Keywords: conservation, deforestation, protected areas, poverty, land use, land conservation
    JEL: Q56 Q23 Q24 R14 R52
    Date: 2014–06–11
    URL: http://d.repec.org/n?u=RePEc:rff:dpaper:dp-14-14-efd&r=agr
  78. By: Kuhns, Annemarie; Volpe, Richard
    Abstract: Our paper examines the great recession’s impact on households’ food-at-home (FAH) purchase decisions. Specifically, we test if the percentage of consumers’ FAH shopping baskets comprised of healthy food, as defined by the Center for Nutrition and Policy Promotion (CNPP), changed significantly as a result of the great recession. Controlling for a number of covariates associated with economic downturns, as well as rigorous household characteristics, we identify that the recession was responsible for a 4-8% increase in the dietary quality of U.S. grocery purchases. The finding is robust to specification and raises several important questions regarding consumer behavior.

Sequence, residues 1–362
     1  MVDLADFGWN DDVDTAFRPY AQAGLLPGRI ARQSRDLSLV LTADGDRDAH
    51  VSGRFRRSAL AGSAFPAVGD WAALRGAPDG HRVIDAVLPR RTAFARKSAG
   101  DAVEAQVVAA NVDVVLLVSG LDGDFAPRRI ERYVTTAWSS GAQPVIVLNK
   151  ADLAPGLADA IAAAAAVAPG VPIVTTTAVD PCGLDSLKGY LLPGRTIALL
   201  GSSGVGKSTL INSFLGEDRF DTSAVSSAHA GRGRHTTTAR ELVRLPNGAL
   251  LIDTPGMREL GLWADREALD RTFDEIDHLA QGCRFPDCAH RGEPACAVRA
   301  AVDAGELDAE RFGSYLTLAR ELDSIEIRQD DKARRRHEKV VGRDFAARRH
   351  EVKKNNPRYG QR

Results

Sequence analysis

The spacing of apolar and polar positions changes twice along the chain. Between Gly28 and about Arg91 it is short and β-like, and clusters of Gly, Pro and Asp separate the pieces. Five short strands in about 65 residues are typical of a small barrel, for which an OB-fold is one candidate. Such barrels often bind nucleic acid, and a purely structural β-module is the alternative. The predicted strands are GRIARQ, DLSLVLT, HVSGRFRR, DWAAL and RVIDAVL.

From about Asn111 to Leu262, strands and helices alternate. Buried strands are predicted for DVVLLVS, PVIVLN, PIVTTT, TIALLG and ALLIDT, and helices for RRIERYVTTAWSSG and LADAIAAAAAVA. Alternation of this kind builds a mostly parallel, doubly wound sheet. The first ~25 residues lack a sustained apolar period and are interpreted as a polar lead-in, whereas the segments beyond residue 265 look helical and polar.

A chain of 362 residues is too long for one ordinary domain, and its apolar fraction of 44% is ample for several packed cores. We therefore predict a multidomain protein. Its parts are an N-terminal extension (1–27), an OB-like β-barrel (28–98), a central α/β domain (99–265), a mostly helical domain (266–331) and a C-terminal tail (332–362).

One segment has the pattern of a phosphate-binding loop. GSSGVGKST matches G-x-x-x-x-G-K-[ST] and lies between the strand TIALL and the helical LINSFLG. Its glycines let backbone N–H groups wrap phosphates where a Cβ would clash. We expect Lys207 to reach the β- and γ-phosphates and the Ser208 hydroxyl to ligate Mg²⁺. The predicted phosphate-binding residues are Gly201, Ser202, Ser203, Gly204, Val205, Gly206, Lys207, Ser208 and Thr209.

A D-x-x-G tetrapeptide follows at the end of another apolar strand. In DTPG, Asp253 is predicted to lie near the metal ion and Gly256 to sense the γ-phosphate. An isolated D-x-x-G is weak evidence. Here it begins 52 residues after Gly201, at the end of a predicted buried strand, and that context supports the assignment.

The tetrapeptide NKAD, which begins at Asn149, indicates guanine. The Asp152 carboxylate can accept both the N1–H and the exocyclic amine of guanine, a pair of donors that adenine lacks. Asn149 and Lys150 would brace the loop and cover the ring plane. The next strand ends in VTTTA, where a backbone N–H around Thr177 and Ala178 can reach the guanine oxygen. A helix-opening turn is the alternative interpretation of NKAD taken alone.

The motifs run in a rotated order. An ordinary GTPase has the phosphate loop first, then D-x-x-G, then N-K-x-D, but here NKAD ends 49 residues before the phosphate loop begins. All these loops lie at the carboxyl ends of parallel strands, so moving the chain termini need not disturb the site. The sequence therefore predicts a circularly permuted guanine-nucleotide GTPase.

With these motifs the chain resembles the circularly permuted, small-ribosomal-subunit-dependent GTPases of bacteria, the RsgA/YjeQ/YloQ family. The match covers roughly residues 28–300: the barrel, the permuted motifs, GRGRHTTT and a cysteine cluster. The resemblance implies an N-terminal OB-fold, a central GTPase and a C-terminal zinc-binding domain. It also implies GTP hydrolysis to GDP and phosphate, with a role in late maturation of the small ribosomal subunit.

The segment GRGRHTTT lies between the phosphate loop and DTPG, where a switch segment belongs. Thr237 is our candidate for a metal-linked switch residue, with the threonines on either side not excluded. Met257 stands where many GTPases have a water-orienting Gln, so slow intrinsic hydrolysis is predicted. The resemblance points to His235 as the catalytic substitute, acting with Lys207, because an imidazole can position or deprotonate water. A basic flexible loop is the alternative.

Keywords: Consumer/Household Economics, Demand and Price Analysis, Food Consumption/Nutrition/Food Safety,
    Date: 2014
    URL: http://d.repec.org/n?u=RePEc:ags:aaea14:170485&r=agr
  79. By: Parcell, Joe; Cain, Wayne
    Abstract: This research used stochastic dominance with respect to a function to evaluate producer preference for cropping systems under uncertainty. Six alternative cropping systems were compared for seven different crops. Many times a producer is familiar a developing market opportunity for a specialty crop and the producer has to make a production decision based on yield uncertainty. This research analyzed by how much alternative crop and bio-energy crop yields would need to change to make a producer indifferent between the most preferred (dominant) cropping system and an alternative cropping system. For the current study, the stochastic dominance results indicate that the change in yield necessary is sufficiently large enough to keep producers from accepting the risk of engaging in alternative crop or bio-energy crop production. The paper concludes with study limitations, which the reader is encouraged to review.
    Keywords: </dc:subject><dc:subject>Specialty Crops, Agronomic Alternative Crops, Crop Production/Industries, Risk and Uncertainty,
    Date: 2014–05–28
    URL: http://d.repec.org/n?u=RePEc:ags:aaea14:170663&r=agr
  80. By: Suter, Jordan; Sahan, Dissanayake; Lynne, Lewis